On April 13, 1919, about 25,000 unarmed Indians had gathered in Jallianwala Bagh in Amritsar, an open area enclosed by high walls of flat-roofed houses in a densely populated part of the city. Many were listening to speakers denouncing the iniquities of the Rowlatt Act. Later, soldiers led by Brigadier General REH Dyer, entered the Bagh.
Without warning the crowd to disperse, Dyer ordered his troops to open fire. Several hundred died and many more were injured. The massacre was universally condemned by all including many Britons.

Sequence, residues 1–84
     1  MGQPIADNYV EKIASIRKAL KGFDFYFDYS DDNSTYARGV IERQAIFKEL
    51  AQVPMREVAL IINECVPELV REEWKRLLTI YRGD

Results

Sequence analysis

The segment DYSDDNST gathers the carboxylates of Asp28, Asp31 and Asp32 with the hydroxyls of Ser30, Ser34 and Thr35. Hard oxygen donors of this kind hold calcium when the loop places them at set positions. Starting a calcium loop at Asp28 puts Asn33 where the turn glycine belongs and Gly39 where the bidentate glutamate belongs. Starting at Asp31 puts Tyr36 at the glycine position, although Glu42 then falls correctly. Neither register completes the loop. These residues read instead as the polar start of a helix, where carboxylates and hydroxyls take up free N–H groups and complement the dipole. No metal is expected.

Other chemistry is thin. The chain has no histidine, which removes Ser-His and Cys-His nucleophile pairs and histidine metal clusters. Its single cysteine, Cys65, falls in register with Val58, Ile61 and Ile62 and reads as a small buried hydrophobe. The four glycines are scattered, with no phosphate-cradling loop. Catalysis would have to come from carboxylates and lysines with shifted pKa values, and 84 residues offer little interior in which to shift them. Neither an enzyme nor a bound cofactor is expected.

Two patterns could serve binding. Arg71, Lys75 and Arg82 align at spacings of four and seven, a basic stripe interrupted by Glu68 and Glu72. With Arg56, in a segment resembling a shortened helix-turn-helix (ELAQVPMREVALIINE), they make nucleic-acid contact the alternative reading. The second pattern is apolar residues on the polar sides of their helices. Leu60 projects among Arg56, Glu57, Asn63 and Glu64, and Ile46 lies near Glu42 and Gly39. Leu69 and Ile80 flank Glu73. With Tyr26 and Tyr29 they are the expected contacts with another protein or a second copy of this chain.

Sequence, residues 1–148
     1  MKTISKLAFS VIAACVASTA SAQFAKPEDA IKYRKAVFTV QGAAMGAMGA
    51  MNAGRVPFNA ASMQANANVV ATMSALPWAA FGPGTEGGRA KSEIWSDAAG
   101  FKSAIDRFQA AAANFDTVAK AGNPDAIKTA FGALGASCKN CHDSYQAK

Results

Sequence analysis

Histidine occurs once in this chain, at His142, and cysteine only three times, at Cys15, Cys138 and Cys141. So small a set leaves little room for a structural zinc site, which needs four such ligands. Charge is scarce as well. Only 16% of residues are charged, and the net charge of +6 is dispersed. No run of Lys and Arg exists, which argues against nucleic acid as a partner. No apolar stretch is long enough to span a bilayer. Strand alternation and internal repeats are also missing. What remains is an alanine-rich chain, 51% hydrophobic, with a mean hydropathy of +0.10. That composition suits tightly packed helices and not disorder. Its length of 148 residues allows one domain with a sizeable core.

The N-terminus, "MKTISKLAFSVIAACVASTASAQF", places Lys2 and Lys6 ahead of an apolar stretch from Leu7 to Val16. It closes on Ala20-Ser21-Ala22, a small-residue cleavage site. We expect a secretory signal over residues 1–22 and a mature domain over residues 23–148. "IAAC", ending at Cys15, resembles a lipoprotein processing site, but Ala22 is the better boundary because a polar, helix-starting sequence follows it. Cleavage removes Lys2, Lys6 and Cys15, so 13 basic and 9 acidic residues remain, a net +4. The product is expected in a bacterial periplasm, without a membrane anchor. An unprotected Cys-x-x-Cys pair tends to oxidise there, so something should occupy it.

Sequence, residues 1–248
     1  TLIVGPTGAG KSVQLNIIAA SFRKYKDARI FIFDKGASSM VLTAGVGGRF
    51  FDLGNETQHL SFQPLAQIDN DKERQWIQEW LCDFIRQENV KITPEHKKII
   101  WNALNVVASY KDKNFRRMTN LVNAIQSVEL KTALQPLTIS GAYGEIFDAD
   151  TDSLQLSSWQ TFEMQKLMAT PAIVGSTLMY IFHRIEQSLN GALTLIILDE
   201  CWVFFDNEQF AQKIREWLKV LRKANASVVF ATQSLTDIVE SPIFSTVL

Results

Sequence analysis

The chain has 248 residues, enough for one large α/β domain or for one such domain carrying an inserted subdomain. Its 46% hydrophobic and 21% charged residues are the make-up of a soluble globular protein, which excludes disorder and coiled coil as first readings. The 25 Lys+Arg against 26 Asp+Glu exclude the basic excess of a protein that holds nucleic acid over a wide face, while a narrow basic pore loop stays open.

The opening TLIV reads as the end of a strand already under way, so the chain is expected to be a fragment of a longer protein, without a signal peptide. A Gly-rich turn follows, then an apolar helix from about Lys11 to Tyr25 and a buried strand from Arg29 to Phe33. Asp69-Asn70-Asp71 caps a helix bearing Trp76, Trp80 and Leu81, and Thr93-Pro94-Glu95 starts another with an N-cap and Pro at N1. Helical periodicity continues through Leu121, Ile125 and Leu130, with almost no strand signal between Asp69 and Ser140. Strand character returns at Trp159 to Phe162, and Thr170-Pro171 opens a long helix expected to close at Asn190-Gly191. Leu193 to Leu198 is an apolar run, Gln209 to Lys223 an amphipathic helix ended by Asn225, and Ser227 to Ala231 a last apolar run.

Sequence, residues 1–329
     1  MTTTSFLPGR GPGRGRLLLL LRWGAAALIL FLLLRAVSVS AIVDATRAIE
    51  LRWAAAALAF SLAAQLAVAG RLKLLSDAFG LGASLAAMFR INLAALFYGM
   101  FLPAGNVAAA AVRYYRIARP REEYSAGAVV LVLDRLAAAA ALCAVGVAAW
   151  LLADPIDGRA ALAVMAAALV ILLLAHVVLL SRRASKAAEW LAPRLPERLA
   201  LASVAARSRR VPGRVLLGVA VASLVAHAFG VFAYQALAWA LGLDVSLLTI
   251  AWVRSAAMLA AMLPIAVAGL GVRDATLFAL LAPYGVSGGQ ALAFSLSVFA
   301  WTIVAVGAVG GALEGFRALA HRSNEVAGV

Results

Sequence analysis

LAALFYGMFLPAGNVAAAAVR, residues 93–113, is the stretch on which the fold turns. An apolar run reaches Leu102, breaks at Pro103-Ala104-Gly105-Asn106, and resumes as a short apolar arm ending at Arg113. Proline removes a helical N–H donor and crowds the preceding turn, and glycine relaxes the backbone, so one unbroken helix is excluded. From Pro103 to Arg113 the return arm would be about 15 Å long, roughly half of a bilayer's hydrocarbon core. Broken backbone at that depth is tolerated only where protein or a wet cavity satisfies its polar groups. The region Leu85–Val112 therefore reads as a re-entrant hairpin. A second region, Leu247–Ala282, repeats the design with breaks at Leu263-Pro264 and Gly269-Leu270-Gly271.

In his new book, Crimson Spring (Aleph Book Company), author Navtej Sarna brings the horror of the atrocity to life by viewing it through the eyes of nine characters—Indians and Britons, ordinary people and powerful officials, the innocent and the guilty, whose lives are changed forever by the events the day. Set against the epic backdrop of India’s freedom struggle, World War I, and the Ghadar movement, Crimson Spring is an unsettling look at a barbarous act.
“For long I wished to write about it, and the people during those times, and revolutionaries who died for India’s freedom,” said Sarna, here on an invitation from Chandigarh Literary Society (CLS). On the use of fiction, Sarna said one cannot take liberty with history and historic characters in it, but it is the emotional turmoil that can be depicted through the fiction.